“Christian Science in 20th Century Britain” Part I
Gartrell-Mills, Claire. “Christian Science in 20th Century Britain.” Religion Today 8, no. 3 (1993): 1–5.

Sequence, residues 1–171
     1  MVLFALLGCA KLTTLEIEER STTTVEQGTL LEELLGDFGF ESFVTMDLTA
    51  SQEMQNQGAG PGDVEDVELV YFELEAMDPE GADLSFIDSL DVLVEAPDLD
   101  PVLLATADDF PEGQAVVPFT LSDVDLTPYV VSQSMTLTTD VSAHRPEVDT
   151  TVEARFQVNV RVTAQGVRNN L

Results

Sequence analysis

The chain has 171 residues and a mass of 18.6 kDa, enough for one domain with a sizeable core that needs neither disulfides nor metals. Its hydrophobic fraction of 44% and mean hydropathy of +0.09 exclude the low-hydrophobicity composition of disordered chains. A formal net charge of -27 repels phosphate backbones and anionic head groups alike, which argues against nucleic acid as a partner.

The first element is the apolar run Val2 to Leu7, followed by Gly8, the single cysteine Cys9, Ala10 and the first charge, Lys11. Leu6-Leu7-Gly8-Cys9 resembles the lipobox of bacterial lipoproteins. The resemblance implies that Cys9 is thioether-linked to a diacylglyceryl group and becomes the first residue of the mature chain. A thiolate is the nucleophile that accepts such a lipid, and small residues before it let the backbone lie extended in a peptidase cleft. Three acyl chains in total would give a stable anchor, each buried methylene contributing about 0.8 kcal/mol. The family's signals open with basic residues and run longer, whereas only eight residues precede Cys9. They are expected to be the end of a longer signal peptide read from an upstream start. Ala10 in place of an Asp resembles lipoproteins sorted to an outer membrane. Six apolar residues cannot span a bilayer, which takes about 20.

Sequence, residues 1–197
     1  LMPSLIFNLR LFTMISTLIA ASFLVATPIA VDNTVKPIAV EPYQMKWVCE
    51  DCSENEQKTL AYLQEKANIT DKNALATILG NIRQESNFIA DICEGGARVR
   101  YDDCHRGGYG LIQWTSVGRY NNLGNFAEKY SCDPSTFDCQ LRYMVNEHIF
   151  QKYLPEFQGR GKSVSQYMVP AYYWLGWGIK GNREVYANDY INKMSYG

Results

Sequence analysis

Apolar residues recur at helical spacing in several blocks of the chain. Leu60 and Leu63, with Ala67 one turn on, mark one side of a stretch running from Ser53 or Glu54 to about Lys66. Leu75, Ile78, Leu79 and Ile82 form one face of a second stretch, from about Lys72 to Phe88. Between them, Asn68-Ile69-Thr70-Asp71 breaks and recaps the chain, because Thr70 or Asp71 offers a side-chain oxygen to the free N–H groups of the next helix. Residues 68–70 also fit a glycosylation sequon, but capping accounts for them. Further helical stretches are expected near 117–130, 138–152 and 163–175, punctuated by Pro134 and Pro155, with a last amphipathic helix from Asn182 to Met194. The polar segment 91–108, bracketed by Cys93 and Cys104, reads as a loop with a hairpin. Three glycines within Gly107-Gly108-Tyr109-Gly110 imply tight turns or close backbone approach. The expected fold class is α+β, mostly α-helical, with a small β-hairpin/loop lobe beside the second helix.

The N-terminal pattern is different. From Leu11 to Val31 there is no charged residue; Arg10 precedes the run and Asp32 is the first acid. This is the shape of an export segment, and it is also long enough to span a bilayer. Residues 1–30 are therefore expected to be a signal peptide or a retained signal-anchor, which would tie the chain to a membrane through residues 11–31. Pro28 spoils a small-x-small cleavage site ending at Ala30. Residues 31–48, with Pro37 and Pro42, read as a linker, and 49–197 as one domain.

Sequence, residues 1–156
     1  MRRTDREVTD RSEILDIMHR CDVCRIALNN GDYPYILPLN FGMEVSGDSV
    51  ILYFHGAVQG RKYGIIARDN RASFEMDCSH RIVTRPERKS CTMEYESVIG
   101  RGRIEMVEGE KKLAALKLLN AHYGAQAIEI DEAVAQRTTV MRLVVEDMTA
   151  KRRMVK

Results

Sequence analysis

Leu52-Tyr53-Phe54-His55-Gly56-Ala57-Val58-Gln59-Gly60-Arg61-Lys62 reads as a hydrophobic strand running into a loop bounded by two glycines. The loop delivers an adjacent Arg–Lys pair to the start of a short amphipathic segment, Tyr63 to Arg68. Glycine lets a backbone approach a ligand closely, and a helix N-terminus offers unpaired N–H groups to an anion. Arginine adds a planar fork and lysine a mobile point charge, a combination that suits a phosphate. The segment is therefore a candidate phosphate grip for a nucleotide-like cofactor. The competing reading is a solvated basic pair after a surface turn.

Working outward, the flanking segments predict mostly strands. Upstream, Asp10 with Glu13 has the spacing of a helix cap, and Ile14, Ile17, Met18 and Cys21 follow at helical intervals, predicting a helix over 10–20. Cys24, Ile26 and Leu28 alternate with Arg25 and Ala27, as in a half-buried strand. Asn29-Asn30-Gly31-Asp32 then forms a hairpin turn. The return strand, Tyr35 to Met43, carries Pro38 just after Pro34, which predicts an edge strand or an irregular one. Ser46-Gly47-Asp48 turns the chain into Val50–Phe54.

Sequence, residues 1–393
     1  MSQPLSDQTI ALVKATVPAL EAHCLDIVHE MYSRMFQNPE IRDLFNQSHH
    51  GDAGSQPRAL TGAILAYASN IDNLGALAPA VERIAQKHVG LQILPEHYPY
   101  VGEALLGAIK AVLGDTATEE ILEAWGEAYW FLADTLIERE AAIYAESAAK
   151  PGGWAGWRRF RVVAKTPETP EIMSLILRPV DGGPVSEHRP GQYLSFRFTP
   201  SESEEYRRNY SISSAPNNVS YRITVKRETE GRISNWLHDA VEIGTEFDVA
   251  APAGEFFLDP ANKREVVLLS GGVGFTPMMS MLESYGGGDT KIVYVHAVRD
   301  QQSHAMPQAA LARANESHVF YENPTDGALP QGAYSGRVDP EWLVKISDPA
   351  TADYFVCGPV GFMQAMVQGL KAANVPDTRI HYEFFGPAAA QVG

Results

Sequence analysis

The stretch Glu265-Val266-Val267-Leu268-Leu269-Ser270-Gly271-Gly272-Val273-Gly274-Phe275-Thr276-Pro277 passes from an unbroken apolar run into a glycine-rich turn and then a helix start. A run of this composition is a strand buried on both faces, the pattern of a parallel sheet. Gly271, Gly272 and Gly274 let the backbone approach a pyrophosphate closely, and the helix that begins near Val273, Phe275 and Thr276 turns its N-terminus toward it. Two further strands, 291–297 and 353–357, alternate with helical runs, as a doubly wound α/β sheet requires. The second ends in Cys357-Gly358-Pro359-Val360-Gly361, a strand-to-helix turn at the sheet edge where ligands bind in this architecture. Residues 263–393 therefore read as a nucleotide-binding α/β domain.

Gartrell-Mills completed her D.Phil thesis on Christian Science in 1991 and summarizes her findings in this article with a focus on the historical role of Christian Science in Britain. Although in the early 1990s Christian Science retained “an unobtrusive, yet persistent presence in many British towns and cities” (1), Gartrell-Mills found that the Christian Science organization was “a present day example of a movement largely ossified through the provisions and statutes laid down before 1910 by its founder, Mary Baker Eddy” (2). It took hold when and where it did in America, she argued, because Christian Science was a reflection of the prevailing intellectual currents in New England, subscribed to by higher-class Americans to whom her theories most appealed. Eddy sought to expand the movement overseas in the 1890s, but her greatest interest in the expansion of Christian Science outside the United States was with Britain. Before the opening of the first Christian Science church in London in 1897, Christian Science found ready reception and based its growing appeal on drawing-room society. “Although [Eddy] never openly subscribed to theories of Anglo or British Israelism, she and many of her followers envisaged the cooperation of America and Britain as important for the eventual benefit of mankind” (4a).
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